Chapbook cover. Essay. With inept binding.

The cover of Essay, 1984, showing the inept binding.

The first step was to scan all my original printer spreads (yes, I still have them) and then break them into individual pages. The awkward part of this book, and what makes it a poor choice for a first try, is that it’s all images. Ordinarily you’d create a book in InDesign or QuarkXPress by creating text and image boxes that will reflow to fit the screen of the viewing device, depending on what format you choose to export this as. I still might try to do this one as a fixed image epub, like a children’s storybook.

The first attempt at interactivity was to add navigation. Because I didn’t want to do anything to conflict with the look of the original I did not create visible buttons. So far everyone who’s played with this has found the navigation buttons pretty quickly (most of them are what you’d find in any format of epublishing).

Then I decided to take a step into the future (or recent past) by adding audio. I read a description of each page or read the poem. Conscientious artisan that I am, I cleaned the background noise from the recording (that would be the fan on my computer), compressed the vocal to make it more consistently audible, tweaked the EQ (also to make it a little easier to hear), and added a pinch of reverb to make it more aesthetically pleasing. Of course almost all this work disappeared as soon as I converted the files to 32-kbps MP3 files—sounds like shit but it makes the overall document file more internet friendly (it’s still about 10MB).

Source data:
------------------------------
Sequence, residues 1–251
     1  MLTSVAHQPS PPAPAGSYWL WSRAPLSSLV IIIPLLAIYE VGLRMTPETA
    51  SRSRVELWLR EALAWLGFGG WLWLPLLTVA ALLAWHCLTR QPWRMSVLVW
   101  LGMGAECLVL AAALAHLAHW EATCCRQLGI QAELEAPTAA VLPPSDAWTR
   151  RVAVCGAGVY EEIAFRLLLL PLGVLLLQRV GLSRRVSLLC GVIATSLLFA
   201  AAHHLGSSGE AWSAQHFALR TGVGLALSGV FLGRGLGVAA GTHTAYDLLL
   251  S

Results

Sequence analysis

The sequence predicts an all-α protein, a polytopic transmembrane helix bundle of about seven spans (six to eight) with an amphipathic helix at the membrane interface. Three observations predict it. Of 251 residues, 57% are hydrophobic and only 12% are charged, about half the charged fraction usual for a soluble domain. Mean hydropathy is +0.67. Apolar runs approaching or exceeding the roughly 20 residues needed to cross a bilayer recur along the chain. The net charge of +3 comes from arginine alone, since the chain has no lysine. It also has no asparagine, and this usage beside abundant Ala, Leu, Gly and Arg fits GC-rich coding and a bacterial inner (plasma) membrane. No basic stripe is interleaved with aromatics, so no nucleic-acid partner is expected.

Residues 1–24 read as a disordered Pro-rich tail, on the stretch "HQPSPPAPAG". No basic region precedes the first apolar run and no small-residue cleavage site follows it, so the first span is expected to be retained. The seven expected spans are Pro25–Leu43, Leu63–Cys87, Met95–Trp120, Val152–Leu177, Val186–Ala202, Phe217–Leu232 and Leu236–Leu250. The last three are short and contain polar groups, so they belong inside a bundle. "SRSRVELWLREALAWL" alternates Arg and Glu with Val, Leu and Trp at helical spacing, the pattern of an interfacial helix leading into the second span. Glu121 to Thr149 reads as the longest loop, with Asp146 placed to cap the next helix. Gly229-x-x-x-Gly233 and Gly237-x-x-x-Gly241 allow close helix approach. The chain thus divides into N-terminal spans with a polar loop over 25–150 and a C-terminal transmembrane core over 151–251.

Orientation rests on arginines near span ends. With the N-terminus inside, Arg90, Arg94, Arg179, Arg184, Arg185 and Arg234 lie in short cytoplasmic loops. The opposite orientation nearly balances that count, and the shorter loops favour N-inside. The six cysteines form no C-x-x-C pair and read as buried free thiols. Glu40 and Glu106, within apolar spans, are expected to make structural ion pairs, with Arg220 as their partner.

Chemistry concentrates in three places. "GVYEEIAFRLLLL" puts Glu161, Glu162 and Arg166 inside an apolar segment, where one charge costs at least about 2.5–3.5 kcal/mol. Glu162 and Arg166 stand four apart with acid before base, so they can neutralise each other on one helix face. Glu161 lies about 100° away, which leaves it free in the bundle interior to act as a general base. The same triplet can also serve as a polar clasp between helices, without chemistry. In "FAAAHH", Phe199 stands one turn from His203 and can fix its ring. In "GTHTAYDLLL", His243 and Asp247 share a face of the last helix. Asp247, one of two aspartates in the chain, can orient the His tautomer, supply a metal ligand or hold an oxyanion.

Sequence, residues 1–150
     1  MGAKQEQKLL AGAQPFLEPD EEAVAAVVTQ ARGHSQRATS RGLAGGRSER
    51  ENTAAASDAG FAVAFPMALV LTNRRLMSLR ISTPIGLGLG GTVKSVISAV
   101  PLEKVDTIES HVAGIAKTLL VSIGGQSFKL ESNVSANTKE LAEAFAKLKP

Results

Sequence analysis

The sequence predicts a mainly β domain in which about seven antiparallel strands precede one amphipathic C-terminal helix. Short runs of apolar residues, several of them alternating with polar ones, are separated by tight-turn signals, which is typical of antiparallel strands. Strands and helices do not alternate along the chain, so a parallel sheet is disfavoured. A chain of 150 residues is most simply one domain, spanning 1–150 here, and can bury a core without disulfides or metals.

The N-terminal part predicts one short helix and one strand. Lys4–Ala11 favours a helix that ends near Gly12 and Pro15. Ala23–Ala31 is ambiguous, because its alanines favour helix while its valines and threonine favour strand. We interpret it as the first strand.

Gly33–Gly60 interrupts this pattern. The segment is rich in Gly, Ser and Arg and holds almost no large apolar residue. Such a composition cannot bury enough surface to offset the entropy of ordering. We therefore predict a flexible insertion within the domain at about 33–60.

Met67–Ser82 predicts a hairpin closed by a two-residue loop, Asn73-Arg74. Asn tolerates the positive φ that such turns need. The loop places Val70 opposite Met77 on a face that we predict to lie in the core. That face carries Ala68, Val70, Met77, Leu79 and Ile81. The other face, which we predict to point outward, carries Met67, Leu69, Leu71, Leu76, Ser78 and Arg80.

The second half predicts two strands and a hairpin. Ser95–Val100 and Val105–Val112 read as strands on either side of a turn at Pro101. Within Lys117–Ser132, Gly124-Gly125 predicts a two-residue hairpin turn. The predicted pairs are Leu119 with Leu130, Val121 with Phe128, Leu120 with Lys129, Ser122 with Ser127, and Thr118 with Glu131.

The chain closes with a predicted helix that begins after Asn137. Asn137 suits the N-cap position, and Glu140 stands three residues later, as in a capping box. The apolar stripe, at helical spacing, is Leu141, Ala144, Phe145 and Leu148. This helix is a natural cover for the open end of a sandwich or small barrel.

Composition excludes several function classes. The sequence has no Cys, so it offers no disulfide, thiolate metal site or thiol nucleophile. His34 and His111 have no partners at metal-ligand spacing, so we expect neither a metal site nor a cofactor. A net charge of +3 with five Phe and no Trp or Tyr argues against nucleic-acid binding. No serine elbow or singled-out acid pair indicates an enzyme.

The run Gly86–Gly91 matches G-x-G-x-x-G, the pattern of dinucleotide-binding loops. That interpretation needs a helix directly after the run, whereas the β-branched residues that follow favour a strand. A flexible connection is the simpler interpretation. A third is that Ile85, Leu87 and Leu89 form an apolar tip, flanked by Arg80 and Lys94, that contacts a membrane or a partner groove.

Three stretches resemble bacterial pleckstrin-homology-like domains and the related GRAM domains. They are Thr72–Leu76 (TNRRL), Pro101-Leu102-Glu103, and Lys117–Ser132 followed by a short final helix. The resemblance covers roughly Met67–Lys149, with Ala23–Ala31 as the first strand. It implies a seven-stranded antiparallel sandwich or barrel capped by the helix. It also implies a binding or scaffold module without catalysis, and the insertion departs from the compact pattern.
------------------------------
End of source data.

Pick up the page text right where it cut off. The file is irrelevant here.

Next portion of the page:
It’s easy to embed any kind of media file into an InDesign document. A little file player is created that can be placed anywhere on the page.…On playback of the finished PDF I found it becomes an ugly gray box that won’t go away until the file is reopened. It took some fooling around to find a place that was consistent from page to page but would never cover any of the text.

A replica of the table of contents where I define all the navigation points and the button for the audio player.

Here I define all the navigation points and the button for the audio player.

What seemed like an almost universally supported file format, the PDF, has failed everywhere except on PCs. It only worked the way a printable PDF would on Macs and mobile devices, both Android and Apple operating systems. That is, the navigation buttons still worked. It seems that InDesign creates a Flash player when embedding the audio. (I need to further explore what’s happening. So far my searches have not been informative, much less suggesting alternatives.)…I tried attaching the audio files in Acrobat, which also worked on my desktop. On my NOOK HD this version would no longer open the PDF reader navigation with page thumbnails.

Click the link below for a fully operational copy of the book. Your feedback is welcome.

essay interactive electronic 2013

Okay…I tried a preview on my computer, a PC running Vista 64-bit, and everything worked.

As I continue to explore electronic publishing I’ll keep you posted at this blog. I’m looking into other possibilities as well, such as a bonus feature with a CD download (a printable PDF with images and text).

Addendum, March 7, 2013: Because people are running into the same difficulties playing the uploaded PDF as they had at home when various family members tested it (no audio on Macs or mobile devices) I’ve uploaded the audio to soundcloud.com. To hear the continuous set go to the sets tab or to the sounds tab for the individual tracks (which can be downloaded, for your convenience). One thing to say in favor of the recordings posted on SoundCloud is that they are higher quality than the 32 kbps mono versions embedded in the PDF. They are 256 kbps “stereo”. Supposedly CD quality.